Kate’s Review: “Just One Look”

Book: “Just One Look” by Lindsay Cameron

Publishing Info: Ballantine Books, July 2021

Where Did I Get This Book: I received an eARC from NetGalley.

Book Description: Eyes aren’t the windows to the soul. Emails are.

Cassie Woodson is adrift. After suffering an epic tumble down the corporate ladder, Cassie finds the only way she can pay her bills is to take a thankless temp job reviewing correspondence for a large-scale fraud suit. The daily drudgery amplifies all that her life is lacking–love, friends, stability–and leaves her with too much time on her hands, which she spends fixating on the mistakes that brought her to this point. While sorting through a relentless deluge of emails, something catches her eye: the tender (and totally private) exchanges between a partner at the firm, Forest Watts, and his enchanting wife, Annabelle. Cassie knows she shouldn’t read them. But it’s just one look. And once that door opens, she finds she can’t look away.

Every day, twenty floors below Forest’s corner office, Cassie dissects their emails from her dingy workstation. A few clicks of her mouse and she can see every adoring word they write to each other. By peeking into their apparently perfect life, Cassie finds renewed purpose and happiness, reveling in their penchant for vintage wines, morning juice presses, and lavish dinner parties thrown in their stately Westchester home. There are no secrets from her. Or so she thinks.

Her admiration quickly escalates into all-out mimicry, because she wants this life more than anything. Maybe if she plays make-believe long enough, it will become real for her. But when Cassie orchestrates a “chance” meeting with Forest in the real world and sees something that throws the state of his marriage into question, the fantasy she’s been carefully cultivating shatters. Suddenly, she doesn’t simply admire Annabelle–she wants to take her place. And she’s armed with the tools to make that happen.

Review: Thanks to NetGalley for providing me with an eARC of this novel!

Given that Caroline Kepnes is one of my favorite authors, anything that she recommends I am going to jump all over. So when I saw that she had put a blurb on a book called “Just One Look” by Lindsay Cameron, I was definitely interested to see what it was about. If the blurb piqued my interest, the description totally reeled me in: a woman who is overseeing emails for a large fraud issue stumbles upon personal emails between a married couple, and starts to obsess about them and covet their life. Oh hell yeah, that sounds right up my alley! I figured I knew what I was in for. But boy, I was wrong. And in this instance that was a good thing.

“Just One Look” is a slow burn of a creepy tale of obsessive love and wanting, as a woman who has lost everything starts to covet a life that is laid out in front of her in emails. Cassie lost a very prestigious position at her previous firm, and her downfall was viral and well known enough that she has been reduced to humiliating drudgery. We slowly get to see just what Cassie did, and we do this as we watch her start to obsess over Forest and Annabelle Watts thanks to private emails between them that have been caught in this email review. As Cassie obsesses more and more and starts building up a narrative of their lives in her head, she starts to see herself there as well, and creeps ever closer to Forest as she pieces his life together. But I can tell you that this plot isn’t what you think it is. Cameron does a really good job of building up a lot of tension along with a very unreliable protagonist, so anything she says could be completely false, even if she doesn’t know it. I thought that this story was going to be one thing, but it took many different directions that I didn’t expect, and I really, really enjoyed being surprised at a new moment or reveal. It’s so unsettling watching Cassie seep more and more into Forest and Annabelle’s life, and Cameron yanks it so taut that it could easily snap. Especially when she pulls the rug out from under you.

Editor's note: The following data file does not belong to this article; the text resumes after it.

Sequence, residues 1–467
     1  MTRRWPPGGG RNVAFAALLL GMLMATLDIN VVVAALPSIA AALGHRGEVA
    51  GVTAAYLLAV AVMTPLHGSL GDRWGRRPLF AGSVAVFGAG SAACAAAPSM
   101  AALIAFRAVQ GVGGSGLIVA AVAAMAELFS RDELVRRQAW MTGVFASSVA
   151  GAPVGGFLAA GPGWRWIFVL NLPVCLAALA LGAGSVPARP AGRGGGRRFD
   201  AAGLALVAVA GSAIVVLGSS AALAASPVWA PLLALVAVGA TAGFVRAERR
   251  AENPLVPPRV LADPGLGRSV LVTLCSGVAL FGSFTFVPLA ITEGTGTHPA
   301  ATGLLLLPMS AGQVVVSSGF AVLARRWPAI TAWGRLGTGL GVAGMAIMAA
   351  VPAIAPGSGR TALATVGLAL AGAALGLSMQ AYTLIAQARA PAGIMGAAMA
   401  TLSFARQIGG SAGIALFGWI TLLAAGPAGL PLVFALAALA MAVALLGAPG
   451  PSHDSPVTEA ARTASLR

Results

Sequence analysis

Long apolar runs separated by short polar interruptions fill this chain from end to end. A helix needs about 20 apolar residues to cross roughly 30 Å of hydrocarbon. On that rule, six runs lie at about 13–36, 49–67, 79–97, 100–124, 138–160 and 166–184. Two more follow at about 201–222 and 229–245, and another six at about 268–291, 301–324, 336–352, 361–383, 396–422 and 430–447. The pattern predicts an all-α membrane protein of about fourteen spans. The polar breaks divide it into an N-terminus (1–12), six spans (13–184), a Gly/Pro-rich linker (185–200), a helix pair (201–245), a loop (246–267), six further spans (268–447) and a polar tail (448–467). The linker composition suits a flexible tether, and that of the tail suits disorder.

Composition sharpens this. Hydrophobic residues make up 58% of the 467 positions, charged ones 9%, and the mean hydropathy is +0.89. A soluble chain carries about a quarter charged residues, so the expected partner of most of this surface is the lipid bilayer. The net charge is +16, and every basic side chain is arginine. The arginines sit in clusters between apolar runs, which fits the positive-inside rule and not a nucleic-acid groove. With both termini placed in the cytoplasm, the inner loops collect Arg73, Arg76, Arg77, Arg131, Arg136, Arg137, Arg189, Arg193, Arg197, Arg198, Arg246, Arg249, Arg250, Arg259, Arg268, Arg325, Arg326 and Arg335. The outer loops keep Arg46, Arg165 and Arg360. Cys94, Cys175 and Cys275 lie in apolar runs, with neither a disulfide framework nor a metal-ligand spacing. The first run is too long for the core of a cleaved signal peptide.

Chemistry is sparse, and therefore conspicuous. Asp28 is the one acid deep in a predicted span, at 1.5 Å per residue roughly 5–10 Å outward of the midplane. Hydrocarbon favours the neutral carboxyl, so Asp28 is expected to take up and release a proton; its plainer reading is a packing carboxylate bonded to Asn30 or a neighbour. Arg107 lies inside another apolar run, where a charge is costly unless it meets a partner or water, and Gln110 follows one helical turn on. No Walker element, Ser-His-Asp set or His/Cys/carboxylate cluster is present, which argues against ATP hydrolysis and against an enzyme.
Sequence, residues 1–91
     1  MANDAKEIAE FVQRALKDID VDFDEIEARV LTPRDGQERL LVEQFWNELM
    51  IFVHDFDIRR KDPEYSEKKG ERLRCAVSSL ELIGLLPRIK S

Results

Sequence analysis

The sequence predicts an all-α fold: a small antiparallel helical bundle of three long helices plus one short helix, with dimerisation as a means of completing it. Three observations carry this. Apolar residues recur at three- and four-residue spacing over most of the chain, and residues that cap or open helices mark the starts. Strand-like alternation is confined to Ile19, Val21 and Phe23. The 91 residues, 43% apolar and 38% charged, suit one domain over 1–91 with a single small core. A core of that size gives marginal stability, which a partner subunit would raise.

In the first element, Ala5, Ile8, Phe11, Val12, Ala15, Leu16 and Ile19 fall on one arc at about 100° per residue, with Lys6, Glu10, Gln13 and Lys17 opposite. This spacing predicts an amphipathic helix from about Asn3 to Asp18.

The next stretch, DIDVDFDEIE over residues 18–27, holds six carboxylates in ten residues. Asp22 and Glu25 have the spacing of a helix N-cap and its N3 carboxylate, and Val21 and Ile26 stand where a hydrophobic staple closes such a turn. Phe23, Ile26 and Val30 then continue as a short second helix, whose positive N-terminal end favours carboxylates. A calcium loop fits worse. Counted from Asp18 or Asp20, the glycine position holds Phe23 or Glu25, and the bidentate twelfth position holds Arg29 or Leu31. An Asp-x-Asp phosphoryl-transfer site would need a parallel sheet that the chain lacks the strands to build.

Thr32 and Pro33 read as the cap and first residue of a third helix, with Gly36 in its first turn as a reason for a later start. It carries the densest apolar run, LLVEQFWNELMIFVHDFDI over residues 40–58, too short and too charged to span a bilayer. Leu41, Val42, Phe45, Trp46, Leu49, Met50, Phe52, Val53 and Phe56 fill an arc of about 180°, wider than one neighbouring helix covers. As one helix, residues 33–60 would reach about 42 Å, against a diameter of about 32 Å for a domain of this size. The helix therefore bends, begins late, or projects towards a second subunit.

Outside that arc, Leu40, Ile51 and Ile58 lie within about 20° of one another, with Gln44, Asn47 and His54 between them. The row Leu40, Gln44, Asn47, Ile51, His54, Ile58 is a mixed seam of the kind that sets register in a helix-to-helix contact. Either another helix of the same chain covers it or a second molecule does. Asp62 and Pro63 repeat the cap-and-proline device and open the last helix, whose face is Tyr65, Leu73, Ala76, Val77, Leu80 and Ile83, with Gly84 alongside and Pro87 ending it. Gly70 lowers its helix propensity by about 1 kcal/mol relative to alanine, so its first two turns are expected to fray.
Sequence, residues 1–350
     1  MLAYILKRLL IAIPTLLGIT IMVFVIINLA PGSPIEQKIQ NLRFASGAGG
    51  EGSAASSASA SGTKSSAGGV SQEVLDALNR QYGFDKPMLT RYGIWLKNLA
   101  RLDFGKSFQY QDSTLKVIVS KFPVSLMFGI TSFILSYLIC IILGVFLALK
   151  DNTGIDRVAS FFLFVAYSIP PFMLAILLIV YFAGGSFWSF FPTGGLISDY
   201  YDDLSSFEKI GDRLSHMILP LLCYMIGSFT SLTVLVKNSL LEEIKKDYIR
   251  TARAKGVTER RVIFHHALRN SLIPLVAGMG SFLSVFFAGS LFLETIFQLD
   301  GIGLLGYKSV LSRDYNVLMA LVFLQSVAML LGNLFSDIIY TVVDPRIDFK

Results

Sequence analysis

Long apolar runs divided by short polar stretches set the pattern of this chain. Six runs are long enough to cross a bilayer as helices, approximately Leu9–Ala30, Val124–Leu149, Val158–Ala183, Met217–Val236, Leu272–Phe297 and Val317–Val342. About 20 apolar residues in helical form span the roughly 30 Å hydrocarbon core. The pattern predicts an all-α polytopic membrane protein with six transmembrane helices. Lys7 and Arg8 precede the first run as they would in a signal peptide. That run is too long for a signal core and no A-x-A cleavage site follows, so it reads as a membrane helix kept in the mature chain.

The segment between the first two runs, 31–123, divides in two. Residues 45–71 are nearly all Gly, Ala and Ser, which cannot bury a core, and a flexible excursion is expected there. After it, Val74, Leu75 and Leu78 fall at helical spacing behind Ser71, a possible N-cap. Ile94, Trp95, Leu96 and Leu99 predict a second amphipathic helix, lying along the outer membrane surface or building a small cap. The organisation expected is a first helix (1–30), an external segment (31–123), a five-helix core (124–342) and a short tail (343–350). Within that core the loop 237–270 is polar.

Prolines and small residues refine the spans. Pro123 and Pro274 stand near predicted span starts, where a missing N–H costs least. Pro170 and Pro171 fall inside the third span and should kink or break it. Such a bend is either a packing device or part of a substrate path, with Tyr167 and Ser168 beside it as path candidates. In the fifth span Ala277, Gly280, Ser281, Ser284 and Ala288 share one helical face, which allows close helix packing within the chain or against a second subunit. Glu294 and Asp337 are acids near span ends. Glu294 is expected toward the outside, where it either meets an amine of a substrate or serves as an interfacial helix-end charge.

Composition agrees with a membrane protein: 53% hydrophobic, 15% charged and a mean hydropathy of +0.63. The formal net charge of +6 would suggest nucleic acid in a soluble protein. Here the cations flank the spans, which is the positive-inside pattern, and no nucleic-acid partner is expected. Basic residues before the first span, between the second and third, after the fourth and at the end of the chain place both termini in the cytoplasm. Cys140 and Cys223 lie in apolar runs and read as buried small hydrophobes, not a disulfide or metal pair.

But what I liked the most about this book was our protagonist, Cassie. I went into the book with some preconceived notions about how it was going to go, and just what kind of person Cassie was going to be. I mean, in my defense, since Kepnes was used as a blurb on the cover, I figured ‘okay, so it’s gonna be like ‘You’ but with a woman creepazoid’. And hey, I was here for that, don’t get me wrong! But Cameron has other tricks up her sleeves, and Cassie is a very interesting protagonist with a lot of layers. Some of those layers are incredibly sympathetic, and others are very, very disturbing. In some ways, there are definitely similarities to Joe Goldberg, but Cassie has more of a broken feeling to her, and in some ways that makes her all the creepier. But along with that, Cameron affords her some interesting exploration that female characters don’t often get. While it’s true that the things that Cassie does in this book are super, super unethical and also absolutely stalker behavior, it was kind of nice to see the background as to why she is this way, without excusing any of her behavior or making it okay. Cameron walks that fine line between romanticizing a dangerous obsessive, and making her a cartoonish caricature.